Equities have been falling since the start of October. While most equity markets have had a torrid time this year, US and Australian equities had a good year until the start of this month. The ASX/S&P 200 has fallen approximately 6.6% so far this year to 26 October, with the month-to-date fall almost 9%. The S&P 500, which was up almost 9% from the start of the year on 1 October, is now about flat for the year.
So what’s going on?
Like the sell-off in February this year, bond yields have been pushed to new highs for the year and have since pulled back as investors rushed to safe-havens. The difference is that investors are now less optimistic than in February and have a longer list of worries, from trade wars to slowing global growth. Even another strong reporting season in the US so far has failed to climb the wall of worry as investors have chosen to focus on slowing top-line growth or cautious guidance.
Unlike in February, when the market was indiscriminately selling off defensive and growth equities, the sell-off this time has been more concentrated in growth, while defensive sectors have outperformed, with utilities in the US being the best performer so far this month. This is suggestive that we are in a late-cycle environment, along with the uptick in volatility generally correlated to higher yields.
To sell or not to sell?
Being in a late-cycle environment does not mean that investors should sell everything and settle for low returns in cash. This stage of the economic cycle can last for long periods of time which can see equities continue to rally significantly. Market downturns without a recession also tend to end up being corrections or short-lived bear markets, with strong rebounds in short periods of time. Longer lasting and more painful bear markets usually coincide with a US recession. Why the US? Simply because it remains the largest and most influential economy in the world. As it stands, the US economy remains strong and a recession does not seem to be on the cards in the near-term.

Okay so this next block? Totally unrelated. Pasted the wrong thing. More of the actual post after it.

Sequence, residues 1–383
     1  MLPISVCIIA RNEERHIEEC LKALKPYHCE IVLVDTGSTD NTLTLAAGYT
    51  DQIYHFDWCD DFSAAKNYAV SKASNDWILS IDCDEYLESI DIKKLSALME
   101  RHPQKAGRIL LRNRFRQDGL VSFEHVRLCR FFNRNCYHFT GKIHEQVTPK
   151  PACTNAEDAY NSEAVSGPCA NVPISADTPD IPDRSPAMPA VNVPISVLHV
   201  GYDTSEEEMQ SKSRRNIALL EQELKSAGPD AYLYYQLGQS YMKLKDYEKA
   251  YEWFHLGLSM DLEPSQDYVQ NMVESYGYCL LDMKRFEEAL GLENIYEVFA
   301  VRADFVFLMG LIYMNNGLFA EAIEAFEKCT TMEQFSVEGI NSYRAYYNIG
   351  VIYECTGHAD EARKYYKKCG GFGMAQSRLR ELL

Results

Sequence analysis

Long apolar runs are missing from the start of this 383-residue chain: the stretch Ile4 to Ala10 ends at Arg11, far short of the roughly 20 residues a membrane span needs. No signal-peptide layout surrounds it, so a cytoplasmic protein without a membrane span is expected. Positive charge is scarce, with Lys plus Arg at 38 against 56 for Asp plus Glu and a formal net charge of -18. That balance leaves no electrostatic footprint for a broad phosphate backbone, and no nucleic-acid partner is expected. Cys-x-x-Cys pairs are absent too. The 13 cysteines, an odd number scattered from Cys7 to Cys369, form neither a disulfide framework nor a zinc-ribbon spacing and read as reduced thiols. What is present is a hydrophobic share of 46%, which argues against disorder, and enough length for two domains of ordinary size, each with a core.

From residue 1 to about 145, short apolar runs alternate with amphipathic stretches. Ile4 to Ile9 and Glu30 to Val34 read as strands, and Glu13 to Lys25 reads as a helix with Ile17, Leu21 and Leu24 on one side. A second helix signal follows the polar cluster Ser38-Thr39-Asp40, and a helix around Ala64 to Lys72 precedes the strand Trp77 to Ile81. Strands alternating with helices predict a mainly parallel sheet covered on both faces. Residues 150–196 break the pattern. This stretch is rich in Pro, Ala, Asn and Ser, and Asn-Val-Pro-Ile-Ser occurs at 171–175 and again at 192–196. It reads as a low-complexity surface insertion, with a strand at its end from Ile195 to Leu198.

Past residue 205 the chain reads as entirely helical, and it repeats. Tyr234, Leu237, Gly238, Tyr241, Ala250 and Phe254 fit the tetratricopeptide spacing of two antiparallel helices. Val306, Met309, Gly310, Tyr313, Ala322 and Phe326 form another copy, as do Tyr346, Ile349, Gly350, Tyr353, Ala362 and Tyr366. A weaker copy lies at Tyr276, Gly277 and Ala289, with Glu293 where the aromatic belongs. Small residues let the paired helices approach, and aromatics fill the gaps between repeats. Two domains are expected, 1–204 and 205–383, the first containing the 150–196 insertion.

Focus on the long-term
In this late cycle environment, investors should stick to their long-term investment strategy and not to get too caught up in the short-term moves as volatility begins to seep back into the market with higher yields. Research has shown that timing the market remains a fool’s game. Instead, we prefer to focus on valuations and be opportunistic through active security selection and tactical asset allocation, meaning that we will continue to tweak overall allocations rather than making wholesale changes to portfolios.
Earlier this year, we advocated for investors to position their portfolios more defensively and holding higher cash as we found less opportunities in equities. With the pullback and the strong profit growth, index valuations have now fallen below their long-term averages and we believe that it may be time to start selectively adding back to equities as they become cheaper.